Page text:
I am trying to learn how to be a better preacher. So is Bob. We’re both competitive that way— trying to better than we were before.
We know the grim statistics, that just 12% of people say they usually remember the message (Schultz J and Schultz T 1994: 189). When we preach God’s grace and His Word, we want people to remember and to be transformed. We want to take the gifts that God has given us, and develop them to their full potential. As Paul encouraged Timothy,
For this reason I remind you to fan into flame the gift of God, which is in you through the laying on of my hands (2 Tim 1:6, ESV).
I don’t have any formal training in preaching, but I’ve done it since shortly after coming to faith at the age of 17. However, I’m not satisfied with the current development of my gift. I want the flame to burn brighter. I have a long way to go, but I’m getting better.
Bob does have formal training in preaching and has been at it much longer than I have. But he’s not satisfied either. He wants to do better. I admire him for that. Many preachers get comfortable with the level of their ability. They’re comfortable having the flame burn just so. Not Bob. He’s still eager to learn. He wants that flame to burn!
But how do you fan the flame?
I was recently preaching at a church with two very different services. The first service was somewhat sparsely attended (maybe twenty people), with an average age of about seventy years old. The pastor noted that some actually sleep through the service! I preached as well as I could, trying to get some interaction (I’ve been reading a lot about alternatives to monologue sermons, see here and here), but it felt like I was speaking to a wall. There was no response. And, humanly speaking, it took the wind out of my sails.
I went into the second service somewhat discouraged, but there were many more people there (maybe a hundred and thirty or so), with a greater age range, and the “energy” was completely different. I gave the same message, but tweaked it based on the reaction in the first service, and the outcome was completely different. The biggest difference was the audience response. They reacted. They answered my questions, laughed at my jokes, and quoted the Scriptures I asked them too. Their enthusiasm, in turn, made me more enthusiastic, and I was able to deliver a better message. We built each other up. Because I was getting a response from them, I was better able to judge when they were following my point, and when they weren’t. I had a better idea if I needed a new illustration, or if I should move on. I was up there encouraging them, and they were down there encouraging me.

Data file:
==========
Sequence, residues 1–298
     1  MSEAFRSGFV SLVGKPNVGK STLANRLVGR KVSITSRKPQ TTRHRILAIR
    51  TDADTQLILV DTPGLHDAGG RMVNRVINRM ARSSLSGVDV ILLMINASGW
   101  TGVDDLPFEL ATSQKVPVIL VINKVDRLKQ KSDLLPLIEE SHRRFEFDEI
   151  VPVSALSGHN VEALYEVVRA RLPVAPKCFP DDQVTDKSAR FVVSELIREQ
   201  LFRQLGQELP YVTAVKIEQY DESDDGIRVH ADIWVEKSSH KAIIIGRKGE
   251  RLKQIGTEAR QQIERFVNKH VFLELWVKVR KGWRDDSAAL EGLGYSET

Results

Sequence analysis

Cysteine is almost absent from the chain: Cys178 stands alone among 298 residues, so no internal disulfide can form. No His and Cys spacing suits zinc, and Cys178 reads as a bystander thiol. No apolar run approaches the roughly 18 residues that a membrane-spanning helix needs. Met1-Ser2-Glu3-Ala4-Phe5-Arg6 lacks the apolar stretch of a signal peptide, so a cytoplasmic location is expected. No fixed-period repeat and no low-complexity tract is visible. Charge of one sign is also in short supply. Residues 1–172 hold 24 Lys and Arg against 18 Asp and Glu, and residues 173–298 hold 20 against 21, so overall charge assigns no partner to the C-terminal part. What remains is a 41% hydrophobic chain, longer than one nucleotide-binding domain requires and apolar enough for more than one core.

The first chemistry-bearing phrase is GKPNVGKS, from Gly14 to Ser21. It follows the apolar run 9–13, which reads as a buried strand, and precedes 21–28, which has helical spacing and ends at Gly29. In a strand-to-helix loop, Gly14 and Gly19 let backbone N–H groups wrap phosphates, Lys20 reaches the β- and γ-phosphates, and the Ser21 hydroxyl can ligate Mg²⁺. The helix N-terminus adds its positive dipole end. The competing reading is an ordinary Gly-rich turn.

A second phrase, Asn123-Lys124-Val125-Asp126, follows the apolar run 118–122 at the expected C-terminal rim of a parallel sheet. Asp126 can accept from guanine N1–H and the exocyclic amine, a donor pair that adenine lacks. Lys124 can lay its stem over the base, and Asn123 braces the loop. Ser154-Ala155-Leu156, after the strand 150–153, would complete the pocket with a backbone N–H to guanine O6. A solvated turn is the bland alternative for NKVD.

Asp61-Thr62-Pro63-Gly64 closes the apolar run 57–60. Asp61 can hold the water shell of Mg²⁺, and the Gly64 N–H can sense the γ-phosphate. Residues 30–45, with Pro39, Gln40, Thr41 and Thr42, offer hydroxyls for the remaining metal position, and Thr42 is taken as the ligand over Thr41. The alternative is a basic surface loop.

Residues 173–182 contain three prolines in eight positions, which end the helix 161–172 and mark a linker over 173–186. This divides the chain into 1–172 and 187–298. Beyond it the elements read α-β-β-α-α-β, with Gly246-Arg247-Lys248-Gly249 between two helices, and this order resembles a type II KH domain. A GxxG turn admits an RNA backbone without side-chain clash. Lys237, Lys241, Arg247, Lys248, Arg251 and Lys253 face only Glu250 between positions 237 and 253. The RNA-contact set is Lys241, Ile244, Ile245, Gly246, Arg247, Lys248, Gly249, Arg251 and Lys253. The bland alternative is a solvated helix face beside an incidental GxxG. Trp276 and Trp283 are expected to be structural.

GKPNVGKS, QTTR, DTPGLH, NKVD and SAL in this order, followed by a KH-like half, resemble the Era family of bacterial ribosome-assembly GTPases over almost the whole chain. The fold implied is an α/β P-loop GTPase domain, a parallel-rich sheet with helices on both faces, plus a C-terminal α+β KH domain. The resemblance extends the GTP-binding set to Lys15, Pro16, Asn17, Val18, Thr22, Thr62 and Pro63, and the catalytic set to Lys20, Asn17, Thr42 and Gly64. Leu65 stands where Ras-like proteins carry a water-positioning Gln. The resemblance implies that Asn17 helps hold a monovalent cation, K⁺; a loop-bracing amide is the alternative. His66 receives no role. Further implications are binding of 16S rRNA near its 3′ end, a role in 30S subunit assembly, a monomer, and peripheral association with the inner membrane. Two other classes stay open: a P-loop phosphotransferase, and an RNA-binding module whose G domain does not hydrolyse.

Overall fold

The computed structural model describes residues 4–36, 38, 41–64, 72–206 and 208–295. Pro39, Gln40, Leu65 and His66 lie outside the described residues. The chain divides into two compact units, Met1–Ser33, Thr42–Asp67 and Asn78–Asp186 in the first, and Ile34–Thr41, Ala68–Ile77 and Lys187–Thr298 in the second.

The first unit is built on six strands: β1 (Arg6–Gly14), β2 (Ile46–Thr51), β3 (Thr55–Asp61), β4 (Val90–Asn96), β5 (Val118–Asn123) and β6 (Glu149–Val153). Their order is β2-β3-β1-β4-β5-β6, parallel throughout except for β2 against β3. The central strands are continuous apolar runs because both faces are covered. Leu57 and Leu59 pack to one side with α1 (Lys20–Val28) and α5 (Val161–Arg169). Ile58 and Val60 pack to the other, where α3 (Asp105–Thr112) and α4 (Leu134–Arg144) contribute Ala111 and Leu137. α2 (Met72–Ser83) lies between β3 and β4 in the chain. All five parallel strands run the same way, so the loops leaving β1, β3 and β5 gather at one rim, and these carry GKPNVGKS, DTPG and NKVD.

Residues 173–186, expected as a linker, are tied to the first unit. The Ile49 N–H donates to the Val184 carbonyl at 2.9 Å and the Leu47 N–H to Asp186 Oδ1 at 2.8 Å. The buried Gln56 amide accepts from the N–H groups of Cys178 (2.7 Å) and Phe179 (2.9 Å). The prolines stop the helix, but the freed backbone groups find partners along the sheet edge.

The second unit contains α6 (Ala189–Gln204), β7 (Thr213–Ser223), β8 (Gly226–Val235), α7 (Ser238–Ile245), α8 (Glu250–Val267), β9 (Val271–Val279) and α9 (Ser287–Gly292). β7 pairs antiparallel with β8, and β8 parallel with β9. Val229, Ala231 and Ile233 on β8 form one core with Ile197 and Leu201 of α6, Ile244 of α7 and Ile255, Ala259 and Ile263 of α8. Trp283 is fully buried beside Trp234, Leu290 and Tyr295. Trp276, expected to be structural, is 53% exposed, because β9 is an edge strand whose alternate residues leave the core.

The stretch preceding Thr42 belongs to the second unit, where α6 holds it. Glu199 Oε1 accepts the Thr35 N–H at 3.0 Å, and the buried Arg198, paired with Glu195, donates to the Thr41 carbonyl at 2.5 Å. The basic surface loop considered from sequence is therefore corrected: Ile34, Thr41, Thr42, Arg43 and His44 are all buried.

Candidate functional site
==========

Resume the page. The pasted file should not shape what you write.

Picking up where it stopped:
Here’s the lesson—
Audience participation is just as crucial to the success of a sermon as the person giving the message.
Now, I’m sure that an amazing speaker could take any audience, no matter how low-key, and bring them from the point of being disengaged to engaged. But I’m not there yet. I haven’t developed that ability yet. Frankly, most of the preachers and teachers I’ve heard are not there yet, either. Most of us need the congregation to be with us, paying attention, being responsive, and being engaged, in order for the sermon to be a success.
No doubt, school teachers already know this. They know your teaching is better when you have a class of enthusiastic and engaged learners. When the kids aren’t listening, even the best planned lesson can become a train wreck. The teacher has an important role to play in the success of a classroom, but so do the kids.
It’s the same with preaching. The preacher’s ability matters. But you have a role to play in the success of a sermon, too.
I know I haven’t always been the ideal audience. Have you? My mind wanders if a speaker is not holding my attention. Now I realize that being a disengaged listener only makes the sermon worse, because the speaker, instead of being energized by a congregation, will be drained by their lack of enthusiasm, and the sermon will fall flat. If you want to hear a better sermon, part of the solution is to become a better listener.
Paul told Timothy to fan the flame of his gift. That was Timothy’s responsibility. But I believe other people can help, too. You can help your pastor fan the flame of his teaching gift by being an engaged listener. If you’re not, you might risk blowing it out.